Eventing prospect?
   

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Eventing prospect?

This is a discussion on Eventing prospect? within the Eventing forums, part of the English Riding category
  • Eventing horse prospects
  • Eventing prospect

 
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    11-06-2009, 12:38 AM
  #1
Foal
Eventing prospect?

I am looking an OTTB to retrain as an eventer and pony club mount. So here is a 4yr old Bay TB Gelding 16hh, nice temperament, good nature, 100% sound. Has been raced, just not cut out for the job.
Here is his pedigree:Owyhee Horse Pedigree
Here are some confo pics:
[IMG]file:///C:/DOCUME%7E1/Hayley/LOCALS%7E1/Temp/moz-screenshot-2.png[/IMG]









I like him,only thing is that I don't know about his left front. It looks like it turns in a bit, but it looks like he is standing funny in the first place and that his feet are long.... So tell me what you think
[IMG]file:///C:/DOCUME%7E1/Hayley/LOCALS%7E1/Temp/moz-screenshot-1.png[/IMG]
     
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    11-06-2009, 12:47 AM
  #2
Super Moderator
Something kinda weirds me out about his hind legs in the fetlock/pastern... Maybe it's just a bad trimming job added to the fact that his feet are long?

He's a cutie pie though! =)
     
    11-06-2009, 12:55 AM
  #3
Foal
Quote:
Originally Posted by Wallaby    
Something kinda weirds me out about his hind legs in the fetlock/pastern... Maybe it's just a bad trimming job added to the fact that his feet are long?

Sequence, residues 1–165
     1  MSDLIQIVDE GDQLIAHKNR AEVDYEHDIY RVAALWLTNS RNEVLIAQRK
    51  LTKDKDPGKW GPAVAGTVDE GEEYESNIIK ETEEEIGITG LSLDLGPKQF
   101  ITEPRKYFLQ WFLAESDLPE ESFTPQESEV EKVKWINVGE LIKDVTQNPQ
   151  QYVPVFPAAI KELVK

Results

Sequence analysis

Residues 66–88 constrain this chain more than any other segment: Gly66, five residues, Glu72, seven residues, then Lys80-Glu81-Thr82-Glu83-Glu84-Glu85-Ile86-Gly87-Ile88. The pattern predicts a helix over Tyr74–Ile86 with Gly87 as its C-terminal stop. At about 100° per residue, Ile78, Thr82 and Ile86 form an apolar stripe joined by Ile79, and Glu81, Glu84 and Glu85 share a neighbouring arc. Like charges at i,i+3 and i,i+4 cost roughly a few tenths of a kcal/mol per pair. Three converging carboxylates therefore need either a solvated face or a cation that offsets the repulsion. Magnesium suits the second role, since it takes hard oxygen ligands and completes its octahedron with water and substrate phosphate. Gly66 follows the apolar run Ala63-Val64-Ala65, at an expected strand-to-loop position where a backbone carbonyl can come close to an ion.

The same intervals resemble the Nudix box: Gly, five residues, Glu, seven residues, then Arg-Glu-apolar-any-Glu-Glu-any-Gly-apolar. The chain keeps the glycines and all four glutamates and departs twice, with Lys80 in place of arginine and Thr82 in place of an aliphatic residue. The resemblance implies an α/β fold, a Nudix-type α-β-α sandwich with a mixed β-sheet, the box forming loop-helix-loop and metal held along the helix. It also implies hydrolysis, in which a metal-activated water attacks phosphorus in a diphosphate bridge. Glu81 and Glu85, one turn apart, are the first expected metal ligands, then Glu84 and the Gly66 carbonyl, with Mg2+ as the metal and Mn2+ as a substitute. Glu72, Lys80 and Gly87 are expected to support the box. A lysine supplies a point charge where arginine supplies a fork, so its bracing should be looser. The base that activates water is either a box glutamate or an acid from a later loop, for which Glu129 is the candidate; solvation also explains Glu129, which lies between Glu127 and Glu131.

He's a cutie pie though! =)
I noticed that his feet were long right off the bat so I was wondering that too....
     
    11-06-2009, 08:40 AM
  #4
Foal
He has long upright pasterns that with poor shoeing which is common with horses on the track. The left front foot does turn in which I don't think can be corrected with farrier work. Conformation on the top looks nice. If he has a good disposition and is willing he would probably make a nice lower level pony club horse which at least in my area are in high demand. The long pasterns may not be able to hold up to the demand of upper levels. Does the he paddle with that left front when he trots?
     
    11-06-2009, 09:17 AM
  #5
Yearling
If you look at the front left you'll notice the hoof doesnt just turn the, the whole leg is actually crooked. That horse with that leg will def not hold up for eventing, it will cause for quite of bit of lameness in the end. The forearm is crooked connecting to the knee and then from the knee down it goes crooked the completely opposite way. If I were you I would pass
     

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